Priests and desire to have status


#1

Hello, some of you may know that I’m discerning my Vocation with Spiritual Direction. To clarify, I don’t know yet if I want to be a priest…

The other day I was talking to my medical doctor, who is also a catholic and I admire greatly, but is very critic of the Church hierarchy, and she said to me that many priests ascend to the episcopacy because of money, and that it is very difficult to find a priest with a true vocation and not someone wanting status. I explained to her that, if anything, many bishops were elected because they held administrative or teaching positions in the diocese before, but the thought remained with me:

I have always been very nerdy and liked when someone gave me prestige or status, specially academic and authoritative, so, what if I become a pretentious priest? Should I decline a vocation for this?


#2

If God intends for you to become a priest, He’ll give you the graces necessary to resist such temptations. It’s up to you to use them.


#3

I haven’t seen evidence of even bishops and cardinals having access to huge amounts of spending money. Some seem to fly first-class or business-class and their housing is usually large but a little run-down from what I can see. In the long years of priesthood they have little chance to build up fortunes, none at all if they are in a religious order. What they do have is the trappings of power. They are literally called ‘Lord’ or ‘Eminence’. They are treated deferentially. They wear ceremonial clothes. People are reluctant to argue with them or oppose them in discussion. These practices will inevitably attract people who like that sort of thing.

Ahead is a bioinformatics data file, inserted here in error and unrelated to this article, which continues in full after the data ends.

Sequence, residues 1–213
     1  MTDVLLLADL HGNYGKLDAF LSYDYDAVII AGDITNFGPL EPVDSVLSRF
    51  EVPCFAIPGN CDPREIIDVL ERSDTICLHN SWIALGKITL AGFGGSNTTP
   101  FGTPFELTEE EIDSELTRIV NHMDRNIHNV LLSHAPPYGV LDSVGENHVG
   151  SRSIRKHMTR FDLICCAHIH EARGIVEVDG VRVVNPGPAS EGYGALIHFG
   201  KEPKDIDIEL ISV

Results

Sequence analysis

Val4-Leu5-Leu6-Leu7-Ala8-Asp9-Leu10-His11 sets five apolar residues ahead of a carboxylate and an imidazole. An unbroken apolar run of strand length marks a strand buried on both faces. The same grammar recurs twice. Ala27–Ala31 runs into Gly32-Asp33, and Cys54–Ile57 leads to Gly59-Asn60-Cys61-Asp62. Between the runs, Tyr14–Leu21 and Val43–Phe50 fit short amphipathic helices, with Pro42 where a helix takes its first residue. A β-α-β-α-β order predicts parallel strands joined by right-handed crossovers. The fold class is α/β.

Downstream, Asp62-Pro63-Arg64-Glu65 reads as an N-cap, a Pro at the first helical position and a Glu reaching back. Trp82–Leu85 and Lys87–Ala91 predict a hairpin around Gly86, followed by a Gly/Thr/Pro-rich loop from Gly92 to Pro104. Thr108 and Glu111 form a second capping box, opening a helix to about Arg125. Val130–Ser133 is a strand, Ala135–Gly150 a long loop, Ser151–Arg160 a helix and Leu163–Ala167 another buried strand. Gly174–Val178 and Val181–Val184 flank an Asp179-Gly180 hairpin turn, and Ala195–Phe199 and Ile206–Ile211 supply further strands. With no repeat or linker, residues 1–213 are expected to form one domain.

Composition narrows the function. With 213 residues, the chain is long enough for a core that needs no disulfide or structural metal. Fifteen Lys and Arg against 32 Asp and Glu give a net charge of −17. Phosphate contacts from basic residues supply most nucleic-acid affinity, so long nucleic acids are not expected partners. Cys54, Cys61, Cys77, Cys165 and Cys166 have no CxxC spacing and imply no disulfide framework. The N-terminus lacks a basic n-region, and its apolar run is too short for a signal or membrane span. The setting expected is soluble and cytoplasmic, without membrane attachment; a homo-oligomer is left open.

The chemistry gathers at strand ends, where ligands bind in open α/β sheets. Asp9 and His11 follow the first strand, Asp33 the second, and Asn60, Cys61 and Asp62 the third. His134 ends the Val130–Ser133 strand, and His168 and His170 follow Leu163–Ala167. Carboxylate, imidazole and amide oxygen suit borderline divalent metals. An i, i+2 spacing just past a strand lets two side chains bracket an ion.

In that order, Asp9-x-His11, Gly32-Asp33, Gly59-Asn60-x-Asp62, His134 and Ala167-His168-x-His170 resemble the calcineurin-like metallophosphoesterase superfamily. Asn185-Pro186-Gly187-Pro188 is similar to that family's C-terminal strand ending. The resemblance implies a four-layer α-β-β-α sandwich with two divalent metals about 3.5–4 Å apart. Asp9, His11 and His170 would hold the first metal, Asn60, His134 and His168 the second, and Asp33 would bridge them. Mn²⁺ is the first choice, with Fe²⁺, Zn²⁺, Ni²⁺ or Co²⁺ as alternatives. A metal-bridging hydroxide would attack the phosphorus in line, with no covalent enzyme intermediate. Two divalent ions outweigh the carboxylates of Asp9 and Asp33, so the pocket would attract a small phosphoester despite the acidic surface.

#4

I doubt your doctor knows every priest in the country, and she may well have had some bad experiences with status-seeking priests. It may also be that her education and prestigious job puts her in contact with more priests who are also interested in status so they hang out with doctors, lawyers and CEOs, whereas if she were a poor person with a menial job, she would be more likely to meet priests who focus on helping the poor.

It’s wrong for her to sow doubts with a potential vocation like yours, but I guess it’s important for you also to know that some Catholics have these biases and attitudes. As Fauken said, you can make a conscious effort to NOT be “that kind of priest” and pray for God’s help to resist the temptation of status-seeking. I sometimes think God kept me out of the priesthood on purpose because I might have been too drawn to that myself.

I suggest you read up on the life of St. John Vianney if you haven’t already. He was a very humble priest and did great things for God, and he is now the patron saint of parish priests. I’m sure if you ask his intercession he will help you in your endeavors, whether you end up becoming a priest or not.


#5

Do you believe your Doctor is correct, or that her opinion is clouded by her bias and prejudice?


#6

Thank you all! Just to clarify (again), she doesn’t know I am discerning, so she didn’t do it on porpouse.

I will pray for St. John Vianney intercession :blush:


#7

Do you expect to be treated differently as a priest?


#8

Pretty much this. Here in the Northeast the bushops’ Residences I’m familiar with are big arks of places that look like something out of the Adams Family. I know what our bishop makes, and our daughter began to make more than him 3 years out of grad school - in a government job. I think, for some, it’s more about prestige and power- or at least it was. In the current environment I don’t think any priest in his right mind would want to be a bishop.


#9

I believe her to be biased save some exceptions, but that isn’t the point, the point is if it would apply to me, if it would be difficult to fight, or if I would have to not be a priest for having problems with pride.


#10

You are allowing doubts to be sown into your faith and vocation.
Are you speaking with a Vocations Director yet?
Unfortunately at this time in history, there are many within and without the Church, whose opinion of its clergy and members is not so good, for various reasons.